How to design user interface

Firat Parlak says that without this one thing, you’ll “spend twice the money” to build your product.

Firat, founder of UI/UX design company Awesome, also says that “nine out of ten startups fail” because they don’t have it.

So what is it? The right process for developing your user experience, which is what customers see when they use your product and how they interact with it.

In fact, Firat used his process to help one client get more than 336,000 users in just a few months.

In his Mixergy course, Firat shows you how he does it. Here are three strategies you’ll learn in the course.

1. Don’t Go Overboard


You have to talk to customers, but talking to them for too long is a big mistake.

“The first question we ask our clients is ‘how long have you been working on this project?’” says Firat. “If they say…a year-and-a-half or six months…and it’s going to take you maybe three or four months to develop this app…[their customer data] is not valuable.”

That’s because the market changes, meaning you can’t “depend on your information that you collected six months ago and apply that to user interface design,” he says.

So how do you quickly collect all of the customer feedback you need?

Get in and get out

When talking to customers, be effective and keep it short.

Firat recommends a casual meeting. “Show them that you are really interested in their ideas and value their opinion, and show them some sketches,” he says. “This is not intensive market research, just understand what the needs are of the consumer that you are talking to.”

For instance, one of his clients, Dog Amigo, did customer research by visiting local dog parks and asking dog owners to fill out a 15-question survey. “They had a paper which was just checks,” says Firat. “It was quick.”

2. Get a Glimpse of the Future

glimpse
It’s impossible to predict a winning UI.

“Whatever we think, it’s not always right,” says Firat. “What you put together sometimes is not what [customers] are looking for. They’re like, ‘I don’t understand this, what it does.’ So that’s a red flag.”

And you need to spot those red flags before you build anything. “Actually launching it and coming back and changing things is a lot harder, and it will cost you more,” says Firat.

So how do you get feedback before your product is even built?

Give them an interactive prototype

Make an interactive version of your design, then watch customers use it.

Firat recommends the tool Proto.io to make your designs interactive and allow users to actually click on your designs and get a feel for the product. “The focus here is to understand how your user is engaging with your products,” he says. “Were they able to figure out that icon? You thought it was so obvious, but when you give it to somebody else, they can’t find it as quickly as you did. So you go back to the drawing board and make that better.”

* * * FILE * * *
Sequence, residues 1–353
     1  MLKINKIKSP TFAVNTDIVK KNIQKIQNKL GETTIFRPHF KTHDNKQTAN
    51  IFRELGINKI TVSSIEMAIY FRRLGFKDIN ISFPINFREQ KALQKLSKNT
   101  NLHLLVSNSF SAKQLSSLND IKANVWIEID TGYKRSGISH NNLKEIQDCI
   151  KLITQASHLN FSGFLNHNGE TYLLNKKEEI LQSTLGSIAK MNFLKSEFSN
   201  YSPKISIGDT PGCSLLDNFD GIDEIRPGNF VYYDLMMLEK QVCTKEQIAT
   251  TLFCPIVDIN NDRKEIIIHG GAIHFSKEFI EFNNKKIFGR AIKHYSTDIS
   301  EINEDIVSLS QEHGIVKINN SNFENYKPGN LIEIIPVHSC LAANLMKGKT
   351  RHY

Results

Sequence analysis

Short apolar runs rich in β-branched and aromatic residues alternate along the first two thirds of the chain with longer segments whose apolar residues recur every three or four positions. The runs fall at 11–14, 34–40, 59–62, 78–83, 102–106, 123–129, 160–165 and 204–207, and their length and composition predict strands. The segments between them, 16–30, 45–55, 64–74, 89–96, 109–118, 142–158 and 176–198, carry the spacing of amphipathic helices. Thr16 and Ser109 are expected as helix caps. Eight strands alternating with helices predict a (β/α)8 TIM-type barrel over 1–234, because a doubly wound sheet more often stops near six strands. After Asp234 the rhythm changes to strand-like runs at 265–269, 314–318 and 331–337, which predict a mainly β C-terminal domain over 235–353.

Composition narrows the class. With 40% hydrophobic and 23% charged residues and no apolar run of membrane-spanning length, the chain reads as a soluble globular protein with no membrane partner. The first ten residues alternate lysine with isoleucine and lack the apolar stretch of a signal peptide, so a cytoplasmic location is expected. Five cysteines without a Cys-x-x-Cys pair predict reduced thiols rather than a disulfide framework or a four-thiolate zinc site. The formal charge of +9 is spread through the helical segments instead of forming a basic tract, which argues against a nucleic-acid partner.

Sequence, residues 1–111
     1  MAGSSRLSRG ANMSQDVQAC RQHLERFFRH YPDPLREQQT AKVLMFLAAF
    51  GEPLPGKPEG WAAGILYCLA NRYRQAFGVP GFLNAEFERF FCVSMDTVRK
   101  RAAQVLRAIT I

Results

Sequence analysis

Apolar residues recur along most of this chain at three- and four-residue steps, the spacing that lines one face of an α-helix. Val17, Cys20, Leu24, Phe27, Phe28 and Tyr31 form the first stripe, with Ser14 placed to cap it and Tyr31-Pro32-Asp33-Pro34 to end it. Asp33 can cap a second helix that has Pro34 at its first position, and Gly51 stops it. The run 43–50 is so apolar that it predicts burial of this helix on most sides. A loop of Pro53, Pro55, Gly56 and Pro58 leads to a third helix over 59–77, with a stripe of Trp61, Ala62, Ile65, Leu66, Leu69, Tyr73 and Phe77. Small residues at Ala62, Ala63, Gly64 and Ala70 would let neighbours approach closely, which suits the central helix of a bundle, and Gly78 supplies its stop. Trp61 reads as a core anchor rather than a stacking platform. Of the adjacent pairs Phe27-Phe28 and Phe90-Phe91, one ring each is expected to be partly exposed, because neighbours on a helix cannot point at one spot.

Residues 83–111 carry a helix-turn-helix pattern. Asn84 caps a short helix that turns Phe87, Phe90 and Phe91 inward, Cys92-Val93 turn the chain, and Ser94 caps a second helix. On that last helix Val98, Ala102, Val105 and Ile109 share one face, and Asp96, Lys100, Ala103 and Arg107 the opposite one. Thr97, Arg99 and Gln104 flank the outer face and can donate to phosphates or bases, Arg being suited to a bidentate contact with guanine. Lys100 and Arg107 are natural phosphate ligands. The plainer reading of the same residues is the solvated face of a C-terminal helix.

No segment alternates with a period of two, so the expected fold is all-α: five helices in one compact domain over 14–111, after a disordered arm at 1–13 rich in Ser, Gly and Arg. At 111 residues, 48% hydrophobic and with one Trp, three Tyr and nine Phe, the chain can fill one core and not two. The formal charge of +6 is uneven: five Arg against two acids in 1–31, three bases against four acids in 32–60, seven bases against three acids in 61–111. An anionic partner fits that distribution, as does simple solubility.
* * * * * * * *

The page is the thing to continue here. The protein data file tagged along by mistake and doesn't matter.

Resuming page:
3. Do a Little Espionage


When you’re developing a product, you have to do research. But you don’t have to start at square one. In fact, it’s better to look at what’s already being done, which gives you “more metrics and information,” says Firat.

“You don’t have to reinvent the wheel…looking at what [is already being done] and doing something better, is the approach you should have,” he says.

So how do you avoid reinventing the wheel?

Review their homework

Look at your competitors’ research.

“[Your competitors] already did their homework,” says Firat. “They already amassed their resources, and it’s important to look at and understand that.”

To do that, he turns to Dribbble. “Dribbble is actually not only a platform to showcase your designs, but also designer process and progress,” he says. “So you can see what your competitors are doing by searching similar ideas, similar products, and see how they’re approaching their user experience.”

Tweetable Insights

“‘Mobile first’ is cool, but ‘UI first’ will halve your development costs.” Click to Tweet

Get the rest of the course here.

Written by April Dykman. Production notes by Jeremy Weisz.

  • Chio Diez

    I highly recommend to hire a professional ux/ui designer. They can help you invision your project and pivot ideas. You actually need a lot of experience to make a decent prototype.

  • http://www.clevertech.biz/ Jordan Denny

    I like tools like Weebly for early, early dev and testing. Once you’ve been validated on a small scale, it’s worth investing in a pro team that knows how to work fast in getting your next prototype out the door.

    Invision is another great tool for making designs interactive and collaborative. It’s has version control too which is awesome when working with a group and lots of edits.

  • http://enviableworkplace.com/ Filip Matous

    This right here. UX was harder than I thought it was. Having felt how expensive “cheap” design can be, I now save money by hiring the more expensive, experienced pros.

  • http://foliovision.com Alec Kinnear

    Hi Jordan,

    Thanks for the tips on how to use Weebly and invision to improve design process. Great idea.

    I appreciate Firat’s suggestions about proto.io and Dribble as early ports of call as well. Great post Andrew.

  • Firat Parlak

    Hi Alec,

    I am glad that my suggestions were helpful. Please feel free to email me with any questions! hello@awesomenyc.com

    Thank you,
    Firat

  • Arie at Mixergy

    Thanks Firat for teaching such a great course!

  • Firat Parlak

    My pleasure!

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